Former Trump White House lawyer Cipollone is ‘cooperative’ with January 6 committee

Trump’s former White House lawyer Pat Cipollone appeared before the House committee on Jan. 6 for an interview on Friday and agreed to take questions from the panel, a source familiar with the first part of his story said. testimony.

“He was a cooperative witness as part of his desire to protect executive privilege for the General Counsel’s office,” the source said.

Cipollone, who the panel’s vice chair, Rep. Liz Cheney, R-Wyo., has repeatedly described as a critical witness, arrived for the recorded and transcribed closed-door interview shortly before 8:30 a.m. ET, and always met the panel at the beginning of the afternoon.

The panel subpoenaed Cipollone late last month after explosive testimony by Cassidy Hutchinson, a former assistant to President Donald Trump’s chief of staff, Mark Meadows, detailed the lawyer’s efforts to subdue Trump on January 6 and the days who preceded him.

Hutchinson said Cipollone approached her on Jan. 3, 2021, after hearing Meadows pitched the idea of ​​going to the Capitol on Jan. 6 and told her, “Legally that would be a terrible idea for us.”

The warning was even more severe on the morning of Jan. 6, Hutchinson said. “Mr. Cipollone said something like, ‘Please make sure we don’t come up to the Capitol, Cassidy, keep in touch with me. We’re going to be charged with every crime imaginable if we make sure let this movement happen,” she testified.

Hutchinson also said he heard Cipollone pleading with Meadows to help him talk to Trump during the riot. She quoted Cipollone as telling Meadows “something to the effect of, ‘Mark, something has to be done or people are going to die and blood is going to be on your scary hands. It’s getting out of hand.’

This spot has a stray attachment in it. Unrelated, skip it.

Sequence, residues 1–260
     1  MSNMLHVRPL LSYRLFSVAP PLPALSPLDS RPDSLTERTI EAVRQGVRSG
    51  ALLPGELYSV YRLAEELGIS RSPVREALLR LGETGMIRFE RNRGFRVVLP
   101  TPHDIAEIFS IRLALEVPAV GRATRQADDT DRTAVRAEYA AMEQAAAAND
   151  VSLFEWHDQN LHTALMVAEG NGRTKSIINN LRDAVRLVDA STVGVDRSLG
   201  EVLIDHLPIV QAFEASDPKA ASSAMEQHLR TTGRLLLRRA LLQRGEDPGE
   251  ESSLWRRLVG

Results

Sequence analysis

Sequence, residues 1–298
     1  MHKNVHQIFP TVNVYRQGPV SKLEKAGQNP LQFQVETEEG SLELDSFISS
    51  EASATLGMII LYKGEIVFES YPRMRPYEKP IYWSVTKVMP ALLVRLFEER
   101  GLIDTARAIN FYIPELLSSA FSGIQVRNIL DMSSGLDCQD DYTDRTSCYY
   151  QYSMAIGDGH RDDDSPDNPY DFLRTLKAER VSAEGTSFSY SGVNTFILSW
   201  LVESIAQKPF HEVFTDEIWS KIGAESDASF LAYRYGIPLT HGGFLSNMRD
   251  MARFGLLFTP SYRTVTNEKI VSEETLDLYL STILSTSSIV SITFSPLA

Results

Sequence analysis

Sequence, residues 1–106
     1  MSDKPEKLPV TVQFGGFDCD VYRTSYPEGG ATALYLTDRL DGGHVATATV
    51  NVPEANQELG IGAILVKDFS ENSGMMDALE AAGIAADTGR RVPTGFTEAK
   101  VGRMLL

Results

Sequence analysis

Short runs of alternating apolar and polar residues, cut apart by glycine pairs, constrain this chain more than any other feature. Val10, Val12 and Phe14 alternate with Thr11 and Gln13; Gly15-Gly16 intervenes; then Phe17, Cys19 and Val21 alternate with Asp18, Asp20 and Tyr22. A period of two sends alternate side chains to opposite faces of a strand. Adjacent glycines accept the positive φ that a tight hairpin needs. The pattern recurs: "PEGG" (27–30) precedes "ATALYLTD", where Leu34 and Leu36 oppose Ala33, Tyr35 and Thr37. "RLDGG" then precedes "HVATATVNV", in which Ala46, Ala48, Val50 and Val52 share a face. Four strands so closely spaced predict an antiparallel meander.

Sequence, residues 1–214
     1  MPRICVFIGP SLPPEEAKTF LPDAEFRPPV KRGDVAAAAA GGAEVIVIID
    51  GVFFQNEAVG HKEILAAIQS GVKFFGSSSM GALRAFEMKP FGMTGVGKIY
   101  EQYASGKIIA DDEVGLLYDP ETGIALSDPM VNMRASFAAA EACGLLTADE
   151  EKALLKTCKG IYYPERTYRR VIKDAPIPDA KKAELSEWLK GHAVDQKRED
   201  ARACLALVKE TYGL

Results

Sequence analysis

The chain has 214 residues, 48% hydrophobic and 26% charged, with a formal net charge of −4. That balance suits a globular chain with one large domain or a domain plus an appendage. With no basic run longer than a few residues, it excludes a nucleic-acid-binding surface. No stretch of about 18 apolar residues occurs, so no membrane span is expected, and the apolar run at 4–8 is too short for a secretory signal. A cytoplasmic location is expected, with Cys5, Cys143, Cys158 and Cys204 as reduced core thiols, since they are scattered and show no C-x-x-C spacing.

Cipollone – who defended Trump in his first impeachment trial – had previously met with committee investigators in April for an informal interview, but had resisted Cheney’s repeated calls for a more formal meeting.

In a joint statement last week announcing the subpoena, Cheney and the committee chair’s representative, Bennie Thompson, D-Miss., said “the panel’s investigation uncovered evidence that Mr. Cipollone raised repeatedly raised legal and other concerns about President Trump’s activities” around January 1. 6. “While the select committee appreciates Mr. Cipollone’s prior informal engagement in our investigation, the committee needs to hear from him formally, as other former White House attorneys have done in other investigations of the All of Mr. Cipollone’s concerns about the institutional prerogatives of the position he previously held are clearly outweighed by the need for his testimony.

In a letter to Cipollone accompanying the subpoena, Thompson said the committee was reviewing “Trump’s outreach and involvement in activities undertaken to overturn the outcome of the 2020 presidential election, including submitting false congressional and executive branch ballots, the attempted nomination of Jeffrey Clark as acting attorney general, and efforts to interfere with Congressional certification of election results on January 6, 2021.” He said their investigation had shown that Cipollone had information “regarding these and other issues”.

Also on Friday, Oath Keepers chief lawyer Stewart Rhodes told NBC News that his client wanted to testify a second time before the committee, but only if certain conditions were met.

Rhodes, who has been jailed pending trial on seditious conspiracy and other charges related to the Jan. 6 riot, would testify publicly under oath, but only live with his lawyers present because he fears his remarks may have come out of their context otherwise, said attorney James Lee Bright.

It is unclear what new information Rhodes could or would provide. Rhodes previously appeared for a virtual deposition to the committee in February from prison and invoked his Fifth Amendment right against self-incrimination 20 to 30 times.

Bright said the offer was extended to the committee on Friday. The panel declined to comment.

Daniel Barnes and Kyle Stewart contributed.

Comments are closed.